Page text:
Volcker entered as chairman when inflation was significantly high, and he raised interest rates into double digits to control it.  Unfortunately he also caused a significant recession by these actions, but it did kill the major inflation of the 1970's.  His average inflation rate was 5.6%; his average change in GDP was 8% and his average change in the unemployment rate was 0.1%.


Arthur Burns (1970-1978)

Arthur Burns was one of the foremost monetary theorists of the 20th Century, but his reputation was harmed by his tenure at the Federal Reserve and the inflation that started and continued during his tenure.  The prolonged period of inflation was accompanied by recessions creating a condition of "stagflation" which combined economic stagnation and inflation.  The "Nixon shock" took place during his term when Nixon abruptly ended the gold standard by issuing an executive order.  He was the first academic economist to head the Federal Reserve.  He taught future Nobel laureate Milton Friedman at Rutgers University and was heavily influential within the monetarist school of economic thought.  His average inflation rate was 6.3%; his average change in GDP was 9.5% and his average change in the unemployment rate was 0.5%, the highest of the survey.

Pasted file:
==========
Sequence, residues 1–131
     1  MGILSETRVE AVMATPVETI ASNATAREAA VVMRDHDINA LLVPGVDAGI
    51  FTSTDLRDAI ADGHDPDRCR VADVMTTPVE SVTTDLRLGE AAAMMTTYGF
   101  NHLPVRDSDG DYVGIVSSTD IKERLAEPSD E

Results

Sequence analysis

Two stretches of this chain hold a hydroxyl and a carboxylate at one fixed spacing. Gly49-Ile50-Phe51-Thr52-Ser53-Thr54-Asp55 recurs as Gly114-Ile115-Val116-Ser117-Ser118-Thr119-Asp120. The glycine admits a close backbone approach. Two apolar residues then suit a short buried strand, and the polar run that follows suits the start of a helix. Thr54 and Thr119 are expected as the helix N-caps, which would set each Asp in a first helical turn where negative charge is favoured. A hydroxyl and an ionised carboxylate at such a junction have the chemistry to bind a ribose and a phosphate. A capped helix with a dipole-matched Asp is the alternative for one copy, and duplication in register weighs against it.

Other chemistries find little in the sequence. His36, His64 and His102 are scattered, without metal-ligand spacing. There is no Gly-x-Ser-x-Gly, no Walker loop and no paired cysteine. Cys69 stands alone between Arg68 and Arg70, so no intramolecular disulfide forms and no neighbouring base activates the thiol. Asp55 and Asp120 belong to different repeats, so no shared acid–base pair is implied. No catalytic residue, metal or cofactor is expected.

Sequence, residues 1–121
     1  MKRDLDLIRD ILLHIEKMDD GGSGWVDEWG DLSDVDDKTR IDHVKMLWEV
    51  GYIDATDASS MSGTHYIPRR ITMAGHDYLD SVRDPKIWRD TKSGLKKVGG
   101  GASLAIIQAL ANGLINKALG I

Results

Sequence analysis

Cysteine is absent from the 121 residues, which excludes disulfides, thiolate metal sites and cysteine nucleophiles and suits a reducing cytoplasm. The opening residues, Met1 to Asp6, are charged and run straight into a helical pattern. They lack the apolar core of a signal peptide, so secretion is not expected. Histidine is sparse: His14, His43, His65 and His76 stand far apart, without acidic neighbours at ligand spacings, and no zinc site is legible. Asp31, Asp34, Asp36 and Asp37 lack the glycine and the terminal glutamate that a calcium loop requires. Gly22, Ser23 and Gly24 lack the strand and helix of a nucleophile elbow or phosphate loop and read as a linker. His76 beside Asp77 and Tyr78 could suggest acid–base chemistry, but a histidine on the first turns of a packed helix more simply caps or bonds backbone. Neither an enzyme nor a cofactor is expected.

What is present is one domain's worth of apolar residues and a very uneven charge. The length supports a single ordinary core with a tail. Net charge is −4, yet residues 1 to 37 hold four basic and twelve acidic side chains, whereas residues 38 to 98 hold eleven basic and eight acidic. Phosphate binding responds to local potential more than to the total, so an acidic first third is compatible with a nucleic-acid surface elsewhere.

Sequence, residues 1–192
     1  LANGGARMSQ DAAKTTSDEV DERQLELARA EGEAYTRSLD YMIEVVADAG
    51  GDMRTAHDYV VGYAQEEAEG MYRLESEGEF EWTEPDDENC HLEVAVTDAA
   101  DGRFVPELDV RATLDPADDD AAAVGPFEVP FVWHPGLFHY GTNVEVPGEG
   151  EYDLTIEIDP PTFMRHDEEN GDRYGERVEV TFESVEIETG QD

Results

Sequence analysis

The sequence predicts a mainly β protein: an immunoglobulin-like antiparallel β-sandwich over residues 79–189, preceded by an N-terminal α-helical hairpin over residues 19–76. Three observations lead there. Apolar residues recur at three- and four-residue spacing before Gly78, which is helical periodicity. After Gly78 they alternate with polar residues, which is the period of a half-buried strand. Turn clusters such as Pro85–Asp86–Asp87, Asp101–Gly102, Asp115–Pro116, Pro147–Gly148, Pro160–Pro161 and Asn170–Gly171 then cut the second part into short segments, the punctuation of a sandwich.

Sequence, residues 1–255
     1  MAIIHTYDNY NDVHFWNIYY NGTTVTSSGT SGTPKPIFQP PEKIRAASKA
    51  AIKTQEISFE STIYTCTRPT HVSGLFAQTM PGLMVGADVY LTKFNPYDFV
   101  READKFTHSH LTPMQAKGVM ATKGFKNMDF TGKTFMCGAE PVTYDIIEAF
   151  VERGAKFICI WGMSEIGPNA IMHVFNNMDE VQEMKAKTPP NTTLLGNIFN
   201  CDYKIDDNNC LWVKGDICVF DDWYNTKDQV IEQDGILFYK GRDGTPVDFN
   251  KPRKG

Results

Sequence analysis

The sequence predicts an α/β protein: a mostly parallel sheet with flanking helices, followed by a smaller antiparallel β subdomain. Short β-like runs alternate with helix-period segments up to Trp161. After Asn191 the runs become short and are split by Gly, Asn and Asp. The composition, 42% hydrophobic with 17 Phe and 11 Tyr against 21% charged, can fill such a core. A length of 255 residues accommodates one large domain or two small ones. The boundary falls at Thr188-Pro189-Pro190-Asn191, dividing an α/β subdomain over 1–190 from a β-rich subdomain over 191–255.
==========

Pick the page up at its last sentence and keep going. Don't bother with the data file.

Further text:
William Harding (1916-1922)

(photo: Federal Reserve)

Harding's tenure included the end of World War I, a significant recession, and a notably quick recovery from that recession.  His average inflation was 7.2%.


G. William Miller (1978-1979)

Miller is notable for being the only Fed Chairman that also served as Secretary of the Treasury Department.  His average inflation rate was 10.7%, the highest of the survey.  His average change in GDP was 12.3%, the highest of the survey, and his average change in unemployment was -0.7%, the biggest drop in the survey.

So was Senator Corker being crazy when he called Federal Reserve a dove on inflation?  No, the Federal Reserve has taken unprecedented steps to provide the market accommodation in response to deflationary forces (see Figure 2).  He is being ignorant of Bernanke's results and the results of his predecessors.  As I've said time and time again, the challenge for Bernanke (as with any central banker in a recession) is two-fold: both to be accommodating enough, but then perhaps more difficultly to pull back appropriately.  Bernanke's moment to pull back has not happened yet, but it will likely be a challenge as well because so much of the Fed's asset purchases have been somewhat less than liquid.

Figure 2